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What is your experience with Critique Groups? (1 Viewer)

Llyralen

Senior Member
What kind of mechanical psychotic weirdo would publish something and not read the reviews? My God. I'm in a facebook group about one of my works, which was started in 2008, and for the last 13 years I've read every single word.
Lol! And you haven’t gone crazy?

I’m no where near having to choose yet, but I had always planned to take the advice to not read the reviews. It sounds like you interact with your reviewers? Is that right?
 

Llyralen

Senior Member
As long as the genre is not horror.
This statement makes a good point that HAS to be brought up when we are talking about critiquing other people’s work: Not all critique is correct and when is it the right decision to ignore critique?

I heard from someone that the best critique groups are usually genre focused.

Bring me a soapbox. :)
If I dislike a genre and never read that genre should I attempt to critique someone’s MS in that genre? Probably not… be careful anyway.

Half the criticism might just be criticizing the genre. Me and horror would go something like “I think this is too violent. You know there are no such things as ghosts, right? This kind of wound probably wouldn’t bleed to that extent… if so then this person would die in the hour probably.” Yes, that level of terrible critique for that specific genre…

Furthur, if it is a style difference and the person critiquing doesn’t have a very liberal mind for style differences? Disaster. “You can’t have a chapter that just says ‘February’”. “This is too flowery…readers like a spare style..”. “This is too spare…make it prettier.” “There is too much emotion in this.” “There is too little emotion”. If someone thinks there is a certain model of “should” for all that that they can actually criticize someone about then this is a disaster. This could be just someone’s sense of superiority squashing innovation and creativity.

Maybe it helps to think of music genres you dislike, how would you know what the latest and greatest rap song is if you’ve never listened to rap and don’t like it. The only country songs I like dont sound much like country. Wouldn’t all my feedback for country singers be “Don’t sound so country.” You need to know your own limitations in taste and know that your own taste doesn’t represent everybody’s taste.

Unless I had a generic critique page to use (I think that would help), my personal mantra is: “If I don’t like this writing, other than obvious mistakes or plot holes, I should not be the one to critique it in depth.” Different people like different things.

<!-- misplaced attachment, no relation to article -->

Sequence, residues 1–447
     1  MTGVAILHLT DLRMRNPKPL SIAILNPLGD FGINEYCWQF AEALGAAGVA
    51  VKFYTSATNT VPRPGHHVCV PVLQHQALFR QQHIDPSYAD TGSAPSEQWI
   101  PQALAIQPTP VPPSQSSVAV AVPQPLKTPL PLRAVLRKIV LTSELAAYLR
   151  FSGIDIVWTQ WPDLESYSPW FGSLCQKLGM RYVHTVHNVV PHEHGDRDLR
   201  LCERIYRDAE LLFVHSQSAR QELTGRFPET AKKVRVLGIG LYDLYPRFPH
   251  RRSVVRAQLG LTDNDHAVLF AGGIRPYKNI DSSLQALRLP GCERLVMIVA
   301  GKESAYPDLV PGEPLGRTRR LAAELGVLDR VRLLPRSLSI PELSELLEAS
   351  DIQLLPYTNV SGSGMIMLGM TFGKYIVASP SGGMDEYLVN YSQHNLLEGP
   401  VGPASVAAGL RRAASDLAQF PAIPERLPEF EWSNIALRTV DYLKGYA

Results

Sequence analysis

The more I like and understand someone’s style and the more experience I have reading that genre the more in-depth critique I can give.

Not that we should hold back when we see some obvious things that would help out… but I would say you hold the nitty-gritty for the stuff you have experience with and respect for the author. Aren’t the best experiences when you can have working relationships with peers? And common sympathy for the difficulties and the goals of a genre?

We do want to hear from the common reader, but knowing one person’s opinion is just their opinion is important.
 

Non Serviam

WF Veterans
It sounds like you interact with your reviewers? Is that right?

Oh, no. I don't respond to my reviewers. I just read.

I'm in that facebook group pseudonymously. Nobody knows it's me, except one of the group admins who guessed and then agreed to be sworn to secrecy.

At first I used to preen and bask in the glow of the positive stuff, and wail and gnash my teeth at the negative stuff. Thirteen years later I don't do that quite so much, but I still read every word.
 

Llyralen

Senior Member
Oh, no. I don't respond to my reviewers. I just read.

I'm in that facebook group pseudonymously. Nobody knows it's me, except one of the group admins who guessed and then agreed to be sworn to secrecy.

At first I used to preen and bask in the glow of the positive stuff, and wail and gnash my teeth at the negative stuff. Thirteen years later I don't do that quite so much, but I still read every word.
I know I’d be tempted. I think it would be so interesting if I could handle it well. If I thought “This is a group of people who were affected enough by something I wrote to come here.” If I felt like I got to know them a little? Hear what they want from life and from books? There has got to be something enchanting in that. Even if I disappointed. It might make me work harder? Make what I do more meaningful to really know it really will be read? I don’t know. I would love to hear what it’s like for you.
 

Non Serviam

WF Veterans
I would love to hear what it’s like for you.
Well, it's hard to say this modestly, but luckily I'm not a modest man. It's awesome.

Firstly there's the basic fact that someone I don't know set up a Facebook page for fans of that book; and there's the fact that people I don't know still join and comment. What's that like? Unbelievably flattering. Wow. There are a couple hundred people in that group, only one of whom is me.

It's a non-fiction book, priced at US$26.00. It sold about 1,000 copies on Lulu and then a traditional publisher approached my with a request to do a print run on an offset printer. It's now on its third printing, so I'll go ahead and say there are probably 16,000 copies in circulation. 200-ish of them is a good proportion and of course, if they've found the Facebook page, they're probably excited to talk about it... so I get the fan view, not the general reader view. It's very validating and it saves me from accidentally becoming modest.

I think it would be very difficult to achieve a similar reaction and profit margin with a fiction novel priced at $10 or $12, but people do do it.
 
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